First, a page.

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Bottom Fish Communities of the Mid-ocean Ridge


Gui Menezes and Manuel Biscoito.


Hard work at Madeira. From left: Odd Aksel Bergstad, Gui Menezes and Åge Høines.

Synaphobranchus kaupi

Synaphobranchus kaupi. Photo: Andrey Dolgov.

Coryphaenoides rupestris

Coryphaenoides rupestris. Photo: Alexei Orlov.

Halosauropsis macrochir
Halosauropsis macrochir. Photo: Alexei Orlov.

Madeira coastline
Madeira coastline.

Mid-ocean ridges offer diverse living conditions to deepwater fishes. A wide depth range from the coasts of islands and shallow seamounts to the bottom of fractures at 4000m or more. And the ridges are rugged, with only minor patches of level soft-bottom in-between bare rock and mountainous terrain.

The fish taxonomists associated with MAR-ECO recently completed the re-examination of the big collection of fishes from the near-bottom zone sampled during the 2004 expedition to the mid-Atlantic Ridge. This task is challenging and time-consuming because hundreds of fish had to be examined very carefully to  check characteristics that allow species to be identified and separated. A group that was given particular attention recently was deepwater eels of the family Synaphobranchidae. Ichthyologists Manuel Biscoito from Madeira and and Gui Menezes from the Azores found that two very similar species Synaphobranchus affinis and S. kaupii occurred in the Mar-ECO samples. To tell them apart, details such as teeth numbers and placement must be inspected on every fish.

Near-bottom, or demersal, fishes are those that spend most of their life at or immediately above the seabed. Scientists refer to benthic and benthopelagic species, living at and right above the bottom, respectively.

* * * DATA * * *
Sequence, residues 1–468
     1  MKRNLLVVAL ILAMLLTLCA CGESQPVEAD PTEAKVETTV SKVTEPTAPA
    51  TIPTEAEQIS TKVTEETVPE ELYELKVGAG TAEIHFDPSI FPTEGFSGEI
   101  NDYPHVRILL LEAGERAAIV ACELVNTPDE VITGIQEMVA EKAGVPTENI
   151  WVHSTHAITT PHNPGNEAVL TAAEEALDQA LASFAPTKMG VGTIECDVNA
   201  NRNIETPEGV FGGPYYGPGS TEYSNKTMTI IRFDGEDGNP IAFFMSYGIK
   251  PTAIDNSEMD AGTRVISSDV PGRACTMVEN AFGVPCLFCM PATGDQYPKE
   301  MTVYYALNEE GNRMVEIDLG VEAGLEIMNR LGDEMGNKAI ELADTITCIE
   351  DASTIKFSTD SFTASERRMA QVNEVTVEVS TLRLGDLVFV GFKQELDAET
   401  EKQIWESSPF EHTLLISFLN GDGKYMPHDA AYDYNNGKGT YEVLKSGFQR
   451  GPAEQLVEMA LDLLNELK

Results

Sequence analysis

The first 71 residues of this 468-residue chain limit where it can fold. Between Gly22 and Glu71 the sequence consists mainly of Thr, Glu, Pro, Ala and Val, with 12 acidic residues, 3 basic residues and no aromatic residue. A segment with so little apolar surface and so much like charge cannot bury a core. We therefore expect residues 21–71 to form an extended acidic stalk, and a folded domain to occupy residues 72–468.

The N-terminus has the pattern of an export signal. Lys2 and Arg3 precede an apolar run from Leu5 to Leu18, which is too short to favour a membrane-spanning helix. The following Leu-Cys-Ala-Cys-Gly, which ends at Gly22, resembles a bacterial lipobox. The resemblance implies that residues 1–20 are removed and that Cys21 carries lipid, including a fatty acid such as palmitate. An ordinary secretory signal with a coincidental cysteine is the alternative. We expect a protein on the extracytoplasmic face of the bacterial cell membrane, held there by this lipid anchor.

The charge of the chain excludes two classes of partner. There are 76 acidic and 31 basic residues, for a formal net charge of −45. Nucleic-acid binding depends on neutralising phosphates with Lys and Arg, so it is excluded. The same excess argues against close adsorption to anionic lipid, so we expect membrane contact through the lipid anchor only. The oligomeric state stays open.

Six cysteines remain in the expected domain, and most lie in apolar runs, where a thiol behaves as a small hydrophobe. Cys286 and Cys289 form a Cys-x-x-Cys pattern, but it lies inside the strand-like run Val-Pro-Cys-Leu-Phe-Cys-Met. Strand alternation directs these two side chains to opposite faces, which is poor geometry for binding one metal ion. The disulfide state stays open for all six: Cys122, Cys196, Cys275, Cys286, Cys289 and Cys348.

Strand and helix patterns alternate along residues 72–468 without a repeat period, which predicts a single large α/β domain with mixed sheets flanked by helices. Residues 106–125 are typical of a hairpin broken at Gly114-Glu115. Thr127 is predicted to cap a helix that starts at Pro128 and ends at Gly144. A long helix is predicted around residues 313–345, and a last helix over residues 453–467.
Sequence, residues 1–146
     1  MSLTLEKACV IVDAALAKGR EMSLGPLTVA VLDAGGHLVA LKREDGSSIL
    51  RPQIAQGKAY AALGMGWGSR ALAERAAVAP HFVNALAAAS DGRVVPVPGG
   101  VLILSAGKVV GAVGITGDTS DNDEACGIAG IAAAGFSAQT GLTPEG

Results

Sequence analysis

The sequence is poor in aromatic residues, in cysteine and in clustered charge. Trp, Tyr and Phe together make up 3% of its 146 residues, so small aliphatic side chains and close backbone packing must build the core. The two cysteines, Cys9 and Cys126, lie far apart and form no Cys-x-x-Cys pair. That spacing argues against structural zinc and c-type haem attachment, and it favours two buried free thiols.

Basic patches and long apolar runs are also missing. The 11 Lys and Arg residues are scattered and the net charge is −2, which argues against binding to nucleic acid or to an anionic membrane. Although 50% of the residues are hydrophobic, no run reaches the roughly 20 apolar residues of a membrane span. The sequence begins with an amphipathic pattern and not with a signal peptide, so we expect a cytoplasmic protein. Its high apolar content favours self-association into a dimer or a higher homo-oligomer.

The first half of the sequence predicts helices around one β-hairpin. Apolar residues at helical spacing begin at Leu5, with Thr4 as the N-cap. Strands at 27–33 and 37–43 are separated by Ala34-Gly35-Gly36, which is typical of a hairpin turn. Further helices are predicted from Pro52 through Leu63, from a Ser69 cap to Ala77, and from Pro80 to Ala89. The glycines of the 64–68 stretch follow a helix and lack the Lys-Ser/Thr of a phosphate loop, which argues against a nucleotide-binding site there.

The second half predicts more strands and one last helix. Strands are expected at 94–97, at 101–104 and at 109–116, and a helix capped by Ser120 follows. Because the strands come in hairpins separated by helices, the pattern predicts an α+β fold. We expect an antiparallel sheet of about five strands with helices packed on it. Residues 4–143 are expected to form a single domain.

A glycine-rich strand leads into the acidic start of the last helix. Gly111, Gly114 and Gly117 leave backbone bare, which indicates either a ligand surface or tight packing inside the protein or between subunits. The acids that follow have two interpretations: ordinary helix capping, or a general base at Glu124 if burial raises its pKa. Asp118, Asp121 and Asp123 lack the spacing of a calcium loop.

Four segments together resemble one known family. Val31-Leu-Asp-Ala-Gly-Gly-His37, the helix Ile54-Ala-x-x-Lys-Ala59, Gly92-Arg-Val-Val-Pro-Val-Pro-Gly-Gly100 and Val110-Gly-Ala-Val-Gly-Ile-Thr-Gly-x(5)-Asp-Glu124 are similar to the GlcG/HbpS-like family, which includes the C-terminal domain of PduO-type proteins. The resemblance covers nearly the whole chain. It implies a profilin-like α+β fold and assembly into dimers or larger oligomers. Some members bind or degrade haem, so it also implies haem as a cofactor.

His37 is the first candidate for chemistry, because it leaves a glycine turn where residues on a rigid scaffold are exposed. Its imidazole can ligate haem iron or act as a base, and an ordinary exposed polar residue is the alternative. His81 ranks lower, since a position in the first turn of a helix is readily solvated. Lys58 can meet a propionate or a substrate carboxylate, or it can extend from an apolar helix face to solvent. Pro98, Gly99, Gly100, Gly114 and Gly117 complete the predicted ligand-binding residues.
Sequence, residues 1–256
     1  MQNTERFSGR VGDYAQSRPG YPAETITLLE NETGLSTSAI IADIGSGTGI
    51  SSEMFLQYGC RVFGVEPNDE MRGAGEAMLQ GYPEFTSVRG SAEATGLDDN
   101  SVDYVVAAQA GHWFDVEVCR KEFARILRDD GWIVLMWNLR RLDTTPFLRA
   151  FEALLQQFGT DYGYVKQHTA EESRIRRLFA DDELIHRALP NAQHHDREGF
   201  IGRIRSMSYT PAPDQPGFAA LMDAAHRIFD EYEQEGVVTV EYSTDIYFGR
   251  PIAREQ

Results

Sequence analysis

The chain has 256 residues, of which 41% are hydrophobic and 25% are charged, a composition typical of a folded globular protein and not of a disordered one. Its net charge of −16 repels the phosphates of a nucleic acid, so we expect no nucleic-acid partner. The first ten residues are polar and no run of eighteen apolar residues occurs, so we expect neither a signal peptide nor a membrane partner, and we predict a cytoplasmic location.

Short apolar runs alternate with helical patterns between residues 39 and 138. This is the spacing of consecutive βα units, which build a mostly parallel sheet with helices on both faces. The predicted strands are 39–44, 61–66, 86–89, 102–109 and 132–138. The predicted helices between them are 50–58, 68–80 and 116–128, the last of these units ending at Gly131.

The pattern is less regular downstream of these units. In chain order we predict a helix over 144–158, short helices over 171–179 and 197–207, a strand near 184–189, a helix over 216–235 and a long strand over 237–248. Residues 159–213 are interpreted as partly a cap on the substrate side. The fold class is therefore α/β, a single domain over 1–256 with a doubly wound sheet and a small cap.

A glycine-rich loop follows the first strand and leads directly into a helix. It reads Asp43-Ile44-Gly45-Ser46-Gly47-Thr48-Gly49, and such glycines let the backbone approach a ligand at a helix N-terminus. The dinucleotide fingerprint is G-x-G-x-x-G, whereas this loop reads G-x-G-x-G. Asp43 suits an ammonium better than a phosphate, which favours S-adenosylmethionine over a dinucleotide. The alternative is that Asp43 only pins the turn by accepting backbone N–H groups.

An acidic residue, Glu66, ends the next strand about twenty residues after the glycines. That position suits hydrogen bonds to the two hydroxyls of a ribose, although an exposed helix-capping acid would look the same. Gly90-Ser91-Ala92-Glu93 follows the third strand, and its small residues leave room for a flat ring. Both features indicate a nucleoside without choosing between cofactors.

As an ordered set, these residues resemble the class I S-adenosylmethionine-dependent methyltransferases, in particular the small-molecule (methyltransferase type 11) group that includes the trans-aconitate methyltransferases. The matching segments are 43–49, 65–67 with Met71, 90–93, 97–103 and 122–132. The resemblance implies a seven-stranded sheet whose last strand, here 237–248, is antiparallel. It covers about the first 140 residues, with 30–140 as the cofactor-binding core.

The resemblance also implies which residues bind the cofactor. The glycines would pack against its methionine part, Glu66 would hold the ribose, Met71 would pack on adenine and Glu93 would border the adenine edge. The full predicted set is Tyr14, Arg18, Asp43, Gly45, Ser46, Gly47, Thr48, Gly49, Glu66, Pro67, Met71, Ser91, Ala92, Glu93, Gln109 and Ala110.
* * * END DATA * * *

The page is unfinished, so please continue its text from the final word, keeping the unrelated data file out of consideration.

In a workshop in the beautiful town of Funchal on Madeira, Portugal, Gui Menezes (DOP, Univ. Azores), and Åge Høines and Odd Aksel Bergstad  (Institute of Marine Research, Norway), spent a week together to analyse the patterns of abundance and distribution of the demersal fish along the mid-Atlantic Ridge. The data investigated were catches from the bottom trawls deployed by the RV G.O.Sars in 2004.

Using maps and statistical analyses they analysed what species occurred at what depths and whether there were differences in species composition along and across the ridge. About 70 demersal fish species were identified with certainty, but the collection probably has more. Some difficult groups are still being dealt with by specialists, and some specimens are probably new species to science.

The shallowest areas of the ridge crest are inhabited by a sub-set of species different from that on the slopes and at the foot (rise) of the ridge. Changes in species composition with depth reflect differences in the depth preferences of individual species. And at the very deepest fishing stations, the number of species is low compared with the ridge summit. The overall biomass of fish is also declining with depth, probably because of reduced food supply.

Number of species increases going from the north towards the south along the ridge, and there are some typical “northerners” and “southerners” among the species. Examples are roundnose grenadier (Coryphaenoides rupestris) and Rouleinia attrita, respectively. Others are found almost everywhere, e.g. Halosauropsis macrochir.

Madeira is a magnificent Atlantic island, and spending time analysing fish data from the mid-Atlantic in the peace and quiet of the Marine Biological Station of the City Museum of Funchal was perfect. The station is seaside, and the roaring swells hitting the rocky shore and the many nice fish dishes being served in the cosy restaurants up the hill were particularly inspiring to the “number-crunching” workshop participants. The project and participants are grateful to Manuel Biscoito for his never-ending hospitality in Madeira.

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